I studied Philosophy where the lecturer used to tie us all in knots on subjects such as - to pick just one - both the existence, and non-existence of god. Try as we might, our feeble minds couldn't bust the logic of either argument deployed.

Wittgenstein said each side of an argument employ language-games constructed to support their own thesis, and knock-down the other.

Ever since man settled to farm land for food, we have tried to control and predict the weather; be it through prayer or dance.

Whilst we might look back at those old cowboy and indian films with affection, smirking at the naivety of indian raindances, are we so arrogant today to believe we can control the weather/climate any more effectively... on a global scale?

And yes, you are again right that we must get a grip on both the energy and global resource depletion and distribution problem... oh, and population.

Posts: 3
Re: Who dares debate this man?
Reply #3 on : Sun February 07, 2010, 15:09:00
> What we need is an open, honest debate between people who know their stuff – from both sides...

There's the thing. There aren't two equal sides. On one is ~100% of published climate scientists along with every credible scientific academy on the planet.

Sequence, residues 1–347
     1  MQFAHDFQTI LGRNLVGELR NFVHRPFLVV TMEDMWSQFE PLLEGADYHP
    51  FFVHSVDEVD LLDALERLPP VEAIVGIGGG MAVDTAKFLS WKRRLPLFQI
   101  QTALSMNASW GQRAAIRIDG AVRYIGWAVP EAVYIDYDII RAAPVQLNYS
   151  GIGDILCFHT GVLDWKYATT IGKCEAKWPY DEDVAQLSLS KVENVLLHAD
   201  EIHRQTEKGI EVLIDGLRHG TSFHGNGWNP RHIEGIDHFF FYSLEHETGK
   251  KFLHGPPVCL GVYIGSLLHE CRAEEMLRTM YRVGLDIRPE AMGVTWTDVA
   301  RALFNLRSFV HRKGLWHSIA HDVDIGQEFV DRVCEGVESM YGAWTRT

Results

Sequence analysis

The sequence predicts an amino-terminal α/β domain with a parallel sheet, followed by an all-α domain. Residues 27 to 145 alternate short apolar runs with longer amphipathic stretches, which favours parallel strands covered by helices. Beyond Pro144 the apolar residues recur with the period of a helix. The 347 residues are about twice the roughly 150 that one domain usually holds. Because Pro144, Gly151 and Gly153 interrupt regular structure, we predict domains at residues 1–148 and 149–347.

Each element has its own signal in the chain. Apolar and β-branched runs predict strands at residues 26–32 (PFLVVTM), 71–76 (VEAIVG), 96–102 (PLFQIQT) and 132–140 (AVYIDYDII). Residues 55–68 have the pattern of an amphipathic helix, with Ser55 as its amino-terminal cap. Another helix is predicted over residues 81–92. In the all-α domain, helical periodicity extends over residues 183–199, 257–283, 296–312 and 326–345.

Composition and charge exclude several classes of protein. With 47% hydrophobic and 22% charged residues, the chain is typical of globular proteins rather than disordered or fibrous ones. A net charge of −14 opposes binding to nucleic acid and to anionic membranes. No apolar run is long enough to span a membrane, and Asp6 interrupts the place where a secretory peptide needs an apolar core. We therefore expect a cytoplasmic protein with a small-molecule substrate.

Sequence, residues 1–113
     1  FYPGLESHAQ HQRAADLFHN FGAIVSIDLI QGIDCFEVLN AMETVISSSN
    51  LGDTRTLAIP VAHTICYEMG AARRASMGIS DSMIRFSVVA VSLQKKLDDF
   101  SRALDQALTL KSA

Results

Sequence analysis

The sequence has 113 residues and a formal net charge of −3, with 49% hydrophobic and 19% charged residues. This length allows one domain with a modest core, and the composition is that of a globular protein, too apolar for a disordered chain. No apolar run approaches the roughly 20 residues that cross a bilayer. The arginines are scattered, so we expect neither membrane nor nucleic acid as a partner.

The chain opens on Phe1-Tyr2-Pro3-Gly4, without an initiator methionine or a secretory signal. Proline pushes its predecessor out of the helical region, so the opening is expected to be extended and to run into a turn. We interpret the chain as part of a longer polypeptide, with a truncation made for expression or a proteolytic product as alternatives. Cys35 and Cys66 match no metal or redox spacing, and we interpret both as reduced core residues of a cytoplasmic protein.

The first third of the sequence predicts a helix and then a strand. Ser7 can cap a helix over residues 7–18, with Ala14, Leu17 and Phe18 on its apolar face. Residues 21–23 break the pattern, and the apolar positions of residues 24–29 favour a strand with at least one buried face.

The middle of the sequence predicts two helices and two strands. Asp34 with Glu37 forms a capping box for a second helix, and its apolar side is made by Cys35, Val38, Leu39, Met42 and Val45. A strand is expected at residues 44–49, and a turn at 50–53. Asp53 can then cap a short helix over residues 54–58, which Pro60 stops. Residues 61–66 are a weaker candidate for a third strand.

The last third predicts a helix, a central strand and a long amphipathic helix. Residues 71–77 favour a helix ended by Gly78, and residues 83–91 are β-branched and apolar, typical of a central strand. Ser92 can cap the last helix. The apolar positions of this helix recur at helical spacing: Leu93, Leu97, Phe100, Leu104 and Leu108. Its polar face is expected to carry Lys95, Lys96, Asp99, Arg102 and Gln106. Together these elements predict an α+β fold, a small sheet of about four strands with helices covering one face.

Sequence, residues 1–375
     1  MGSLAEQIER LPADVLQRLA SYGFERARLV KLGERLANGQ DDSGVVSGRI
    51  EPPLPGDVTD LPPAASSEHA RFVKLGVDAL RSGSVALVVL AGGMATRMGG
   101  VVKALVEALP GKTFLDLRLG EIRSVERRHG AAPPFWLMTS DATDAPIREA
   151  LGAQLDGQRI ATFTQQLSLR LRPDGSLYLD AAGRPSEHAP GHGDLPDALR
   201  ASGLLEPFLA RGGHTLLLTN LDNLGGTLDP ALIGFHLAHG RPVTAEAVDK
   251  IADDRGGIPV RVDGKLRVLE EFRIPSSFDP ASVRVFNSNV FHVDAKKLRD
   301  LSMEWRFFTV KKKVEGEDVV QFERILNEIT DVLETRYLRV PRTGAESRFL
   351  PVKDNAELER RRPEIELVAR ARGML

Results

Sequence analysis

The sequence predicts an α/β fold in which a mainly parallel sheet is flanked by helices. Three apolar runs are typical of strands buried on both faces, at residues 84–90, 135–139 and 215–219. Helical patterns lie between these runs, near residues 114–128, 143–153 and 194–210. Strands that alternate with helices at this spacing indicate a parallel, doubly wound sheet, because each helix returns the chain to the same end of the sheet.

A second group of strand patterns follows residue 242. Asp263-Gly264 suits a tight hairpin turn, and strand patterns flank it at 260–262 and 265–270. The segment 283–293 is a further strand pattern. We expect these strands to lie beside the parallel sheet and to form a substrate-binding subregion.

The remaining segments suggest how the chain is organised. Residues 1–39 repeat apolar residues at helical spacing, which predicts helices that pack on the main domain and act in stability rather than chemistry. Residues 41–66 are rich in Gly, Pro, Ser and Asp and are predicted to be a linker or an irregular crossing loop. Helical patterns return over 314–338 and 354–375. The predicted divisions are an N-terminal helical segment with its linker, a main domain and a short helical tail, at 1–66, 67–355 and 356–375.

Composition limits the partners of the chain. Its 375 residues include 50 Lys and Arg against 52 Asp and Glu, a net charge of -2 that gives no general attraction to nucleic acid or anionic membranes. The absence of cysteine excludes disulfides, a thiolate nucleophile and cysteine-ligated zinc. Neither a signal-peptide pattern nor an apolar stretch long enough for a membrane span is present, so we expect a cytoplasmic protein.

On the other is Lord Monckton, a weatherman, a retired mining executive, a wealthy geology professor with financial interests in mining operations and a mass of people with opinions and blogs.

That's the reality of the 'debate'.

Posts: 3
Re: Who dares debate this man?
Reply #4 on : Sun February 07, 2010, 15:12:03
P.S. You should consider whether anything that Lord Monckton says or thinks is credible or worthy of consideration:

Posts: 2
Re: Who dares debate this man?
Reply #5 on : Sun February 07, 2010, 16:25:45
Thanks for those links, DavidC. I have clicked on them all but only one (altenergy) attempts to tackle his research and claims - good. This is what I'm talking about.

I'd be interested in Monkton's rebuttal (not that I'm sayng altenergy proves or disproves Monkton's findings - some of it is nit-picking at semantics, arguing the definition of 'more than half of' and 'most' - see Wittgenstein comment above.

The others are just typical of the "LALALA" slur campaigns that dog the debate and make people sceptical. A poor selection of links, with respect, designed to discredit, rather than disprove.

Monbiot? Come on, he's one of the worst offenders of the "LALALA" army.

I don't buy your, "~100% of published climate scientists along with every credible scientific academy on the planet," argument, at all.

"Published", as in published because it's acceptable to the doctrine? Peer-reviewed by 2 or 3 others with the time to do so (if you're lucky to find them)?

The so-called "credible scientific" academies have been found somewhat wanting, though, no?

This, just today: New errors in IPCC climate change report:

And let's not pretend that many other scientists are not sceptical of the IPCC science, models and conclusions; several former IPCC campers too.
Last Edit: February 07, 2010, 16:41:45 by admin